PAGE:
Kerwick’s paintings are colorful and vibrant: they often depict exotic animals like tigers and two-headed cobras. The Tiger was Kerwick at its fullest Kerwick, an acrylic painting of a two-headed tiger.
And that’s not the only job that collectors shell out big bucks for. Also in March, British auction house Phillips sold Kerwick’s cool cats (2019) for $112,300, breaking its $10,000 estimate. In their New York stable, it was a similar story, with Untitled 7 (2021) for $201,600.
Currently, the Australian is one of the most talked about emerging contemporary artists in the world. In five years as a full-time artist, Kerwick has exhibited in Paris, London, New York, Berlin, Tokyo, Hong Kong and Los Angeles.
Spain’s national museum of 20th and 21st century art in Madrid, the Reina Sofia, home to the greatest of Spanish art, including Picasso’s famous Guernica, recently acquired one of Kerwick’s paintings.
“It’s a highlight of my career,” he said.
An eclectic group of people purchased Kerwick’s work. Celebrities like Sofia Richie (Lionel Richie’s daughter) and the Olsen twins, Steve Cohen, billionaire hedge fund manager and owner of the New York Mets, and Japanese billionaire Yusaku Maezawa (who bought a Basquiat painting for 110 million dollars) also have a Kerwick.
Kerwick, who is represented by renowned gallery owner Vito Schnabel (son of American artist and filmmaker Julian Schnabel) in New York, and Toby Clarke’s Vigo Gallery in London, says he is proceeding with caution.
“The secondary market is scary,” he says.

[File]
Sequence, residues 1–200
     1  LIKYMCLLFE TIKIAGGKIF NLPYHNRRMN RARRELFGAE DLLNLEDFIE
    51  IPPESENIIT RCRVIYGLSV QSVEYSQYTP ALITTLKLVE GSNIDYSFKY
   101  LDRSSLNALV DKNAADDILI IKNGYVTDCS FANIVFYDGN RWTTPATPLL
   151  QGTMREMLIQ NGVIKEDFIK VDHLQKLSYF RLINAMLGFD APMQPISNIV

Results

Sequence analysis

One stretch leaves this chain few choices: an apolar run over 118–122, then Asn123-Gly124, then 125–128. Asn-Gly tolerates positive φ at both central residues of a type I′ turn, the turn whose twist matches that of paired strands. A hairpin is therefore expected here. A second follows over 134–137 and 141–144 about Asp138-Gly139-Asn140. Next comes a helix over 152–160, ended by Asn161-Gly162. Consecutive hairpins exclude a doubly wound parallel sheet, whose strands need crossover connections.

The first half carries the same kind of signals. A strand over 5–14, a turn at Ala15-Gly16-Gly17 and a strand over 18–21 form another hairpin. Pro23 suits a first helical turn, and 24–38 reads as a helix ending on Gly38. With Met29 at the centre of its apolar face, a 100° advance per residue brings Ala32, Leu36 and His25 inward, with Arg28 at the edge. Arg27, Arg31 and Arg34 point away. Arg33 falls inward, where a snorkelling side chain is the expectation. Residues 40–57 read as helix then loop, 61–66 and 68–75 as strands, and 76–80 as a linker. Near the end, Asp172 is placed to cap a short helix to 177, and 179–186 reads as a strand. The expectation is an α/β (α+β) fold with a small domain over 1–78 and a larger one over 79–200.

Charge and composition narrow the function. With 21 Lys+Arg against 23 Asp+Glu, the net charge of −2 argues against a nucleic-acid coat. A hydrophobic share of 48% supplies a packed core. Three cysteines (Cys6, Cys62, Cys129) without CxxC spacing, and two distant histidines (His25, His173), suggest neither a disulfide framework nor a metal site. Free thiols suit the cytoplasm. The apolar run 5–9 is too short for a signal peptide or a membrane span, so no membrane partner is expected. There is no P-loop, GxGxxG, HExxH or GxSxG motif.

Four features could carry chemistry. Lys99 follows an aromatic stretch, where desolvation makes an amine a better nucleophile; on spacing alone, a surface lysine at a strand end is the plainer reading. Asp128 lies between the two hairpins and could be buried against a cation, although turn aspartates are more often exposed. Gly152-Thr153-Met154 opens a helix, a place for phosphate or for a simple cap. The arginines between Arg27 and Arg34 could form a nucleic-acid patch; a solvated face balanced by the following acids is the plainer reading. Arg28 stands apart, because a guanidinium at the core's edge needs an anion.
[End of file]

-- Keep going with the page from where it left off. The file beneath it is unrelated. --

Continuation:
While Kerwick’s work can now fetch hundreds of thousands of dollars, to date he’s only pocketed a fraction of that, as most of the markup comes after the initial sale.
“I think I might have won a few thousand dollars, not a lot. But at the time, I thought it was still a lot of money for someone to buy a painting,” he says.
“I think a lot of people buy work more as an asset. It’s not good for me in the long run because if there’s an oversupply in the secondary market, the demand in the primary market goes down, and then I end up doing work that no one wants.
“We have to be careful who we sell to, which was never the intention, I wanted to make art that people would like.”
Justin Callanan, director and co-founder of Sydney Piermarq’s gallery, worked with Kerwick early in his career and has worked with him on three exhibitions, most recently in 2021.
“We were thrilled for him and surprised,” he says. “Historically the global art market has not looked to Australia for contemporary art, once an artist enters this commercial category they can catapult quickly.”
Callanan first approached Kerwick on Instagram in 2017, a platform he says allows young artists like Kerwick to share their work with a wider audience and connect with artists and galleries around the world.
“Jordy not only interacted using these mediums, he built networks with other artists, much like a school of artists approached collaboration at the time.”
He hopes Kerwick’s success means the global art world will “start looking at Australia a little more now”.
Kerwick has kept the house he bought with his wife in Williamstown, and there is still at least one career goal on his list.
“Being a Melburnian I would love to do something at the NGV, it would be a dream.”
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